The Berezil Artistic Association was established in Kyiv on March 30, 1922 by Les Kurbas. Kurbas borrowed the association’s name and credo from Norwegian poet Bjørnstjerne Bjørnson’s poem “I Choose March,” and Berezil was seen as the concentration and realization of all the most advanced creative intentions of Ukrainian theater at the time. Berezil creative staff included actors representing different generations and levels of experience (A. Buchma, Y. Hirniak, M. Krushelnytskyi, I. Marianenko, R. Neshchadymenko, V. Chystiakova, and others), artists, writers, musicians, other artistic professionals. It’s no surprise that N. Yermakova called it “the cornerstone in the foundation of a new stage culture.”
Berezil’s four years can be divided into several stages: 1. Laboratory; 2. Revolutionary propaganda; 3. Repertoire.
The first stage, during which the performative pantomime performances October (November 11, 1922) and Ruhr (February 24, 1923) were brought to life, consisted predominantly of studio classes and trainings.
The second stage, which began with the production of Georg Kaiser’s Gas (April 27, 1923), was marked by the introduction of the figurative language of the avant-garde: expressionism and constructivism. Les Kurbas’s subsequent productions – Upton Sinclair’s Jimmie Higgins (1923) and Shakespeare’s Macbeth (1924) – were also esthetically innovative. His students performed with the same experimental spirit: F. Lopatynskyi’s adaptations of Efim Zozulya’s The New Ones Advance, Ernst Toller’s The Machine Wreckers, and M. Kropyvnytskyi’s They Made Fools of Themselves; H. Ihnatovych’s adaption of Ernst Toller’s Masse-Mensch; B. Tiahno’s adaptation of Leroy Scott’s The Walking Delegate.
The third stage was marked by a focus on repertoire theater, which manifested itself in P. Bereza-Kudrytskyi’s staging of M. Kulish’s Commune in the Steppe; B. Tiahno’s staging of P. Mérimée’s La Jacquerie; V. Vasylko’s staging of M. Starytskyi’s Chasing Two Hares; and Y. Bortnyk’s staging of V. Yaroshenko’s Riff-Raff.
During its first two years, Berezil engaged in studio work and performed at various venues in Kyiv, mostly at the Taras Shevchenko Theater (formerly the Bourgogne Theatre, today the Lesia Ukrainka National Theater of Russian Drama). The 1924-25 season opened on November 7, 1924 at the Vladimir Lenin Theater (formerly the Solovtsov Theater, today the Ivan Franko National Theater), where Berezil performed before moving to Kharkiv in June 1926. Berezil actors went on several tours to Kharkiv, Poltava and Odesa.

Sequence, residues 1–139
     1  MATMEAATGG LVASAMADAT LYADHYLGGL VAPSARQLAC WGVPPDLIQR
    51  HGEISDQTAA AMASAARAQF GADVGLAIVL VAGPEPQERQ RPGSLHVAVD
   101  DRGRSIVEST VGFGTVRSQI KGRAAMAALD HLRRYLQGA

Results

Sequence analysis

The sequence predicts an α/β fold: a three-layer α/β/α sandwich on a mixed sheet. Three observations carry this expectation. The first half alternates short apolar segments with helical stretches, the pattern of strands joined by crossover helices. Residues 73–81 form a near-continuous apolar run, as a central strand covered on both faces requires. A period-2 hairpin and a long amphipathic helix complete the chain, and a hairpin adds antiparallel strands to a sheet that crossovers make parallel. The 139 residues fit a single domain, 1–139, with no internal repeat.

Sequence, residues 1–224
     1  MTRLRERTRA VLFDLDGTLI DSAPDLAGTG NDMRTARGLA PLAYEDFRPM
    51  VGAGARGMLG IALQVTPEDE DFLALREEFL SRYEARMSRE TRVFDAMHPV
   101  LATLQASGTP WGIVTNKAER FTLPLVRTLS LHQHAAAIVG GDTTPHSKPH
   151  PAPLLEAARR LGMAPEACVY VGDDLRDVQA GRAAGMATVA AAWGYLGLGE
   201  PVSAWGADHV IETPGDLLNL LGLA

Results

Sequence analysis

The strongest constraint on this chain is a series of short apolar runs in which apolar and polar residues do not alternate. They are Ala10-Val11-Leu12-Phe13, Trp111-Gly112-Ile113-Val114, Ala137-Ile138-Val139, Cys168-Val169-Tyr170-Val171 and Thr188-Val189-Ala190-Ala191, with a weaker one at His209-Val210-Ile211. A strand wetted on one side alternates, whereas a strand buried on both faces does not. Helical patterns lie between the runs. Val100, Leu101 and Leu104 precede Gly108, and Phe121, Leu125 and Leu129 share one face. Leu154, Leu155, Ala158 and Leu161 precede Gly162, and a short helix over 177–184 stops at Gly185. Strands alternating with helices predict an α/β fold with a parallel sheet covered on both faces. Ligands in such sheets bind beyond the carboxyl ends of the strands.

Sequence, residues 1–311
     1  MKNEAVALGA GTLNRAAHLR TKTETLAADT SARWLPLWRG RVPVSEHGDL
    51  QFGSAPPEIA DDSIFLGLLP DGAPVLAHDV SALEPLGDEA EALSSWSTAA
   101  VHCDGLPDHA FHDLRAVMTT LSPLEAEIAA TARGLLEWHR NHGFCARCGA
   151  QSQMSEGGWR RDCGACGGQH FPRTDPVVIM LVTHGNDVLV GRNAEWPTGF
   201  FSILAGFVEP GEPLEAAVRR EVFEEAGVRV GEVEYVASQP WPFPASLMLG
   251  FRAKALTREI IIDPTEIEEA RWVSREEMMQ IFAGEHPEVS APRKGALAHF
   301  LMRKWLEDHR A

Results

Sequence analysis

Berezil had a complex structure where each of the departments – stations, committees (museum, psycho-technical), labs (sound, photo), branches – performed clearly defined tasks and functions. There were several acting workshops (First, Second and Fourth in Kyiv, Third, Fifth and Sixth not in Kyiv) and branches (Odesa) that spread Berezil’s experience throughout Ukraine.
Berezil had a director’s lab (later director’s staff) which laid the foundations of a new school of directing in Ukraine. A set design school was established in the modeling workshop under the leadership of V. Meller (students included M. Symashkevych, V. Shkliaiv, D. Vlasiuk, E. Tovbin, and others). A body of new Ukrainian plays was created in the drama workshop, some of which were performed in Ukrainian theaters. The choreography workshop led by N. Shuvarska trained a new kind of plastic actor.
Improving technique through classes in acting and movement was one of the key aspects of Berezil. By cultivating “stage practice,” Les Kurbas formed the Berezil acting school, where the concept of “transformation” became fundamental.
Berezil’s creative activities were accompanied by the applied, theoretical and journalistic activities of Kurbas and his students: they conducted sociological research in the theatrical sphere, published the journal Theater Barricades. Members of Berezil regularly published articles about their artistic experience.
But the public reaction to Berezil’s artistic achievements was mixed: members of the old national intelligentsia, including S. Yefremov, didn’t approve of Les Kurbas’s experiments. Part of the reason was that Berezil’s work was no stranger to the Soviet government’s political slogans (for example, Les Kurbas’s On the Eve) and it was personally supported by the influential military figure Iona Yakir.
Berezil’s move to Kharkiv made its reorganization into a regular repertory theater inevitable. But, as N. Kuzyakina noted: “The move was supposed to solve Berezil’s many problems in one fell swoop: help achieve financial stability through the subsidy given theaters in the capital and to create a good environment for the audience.”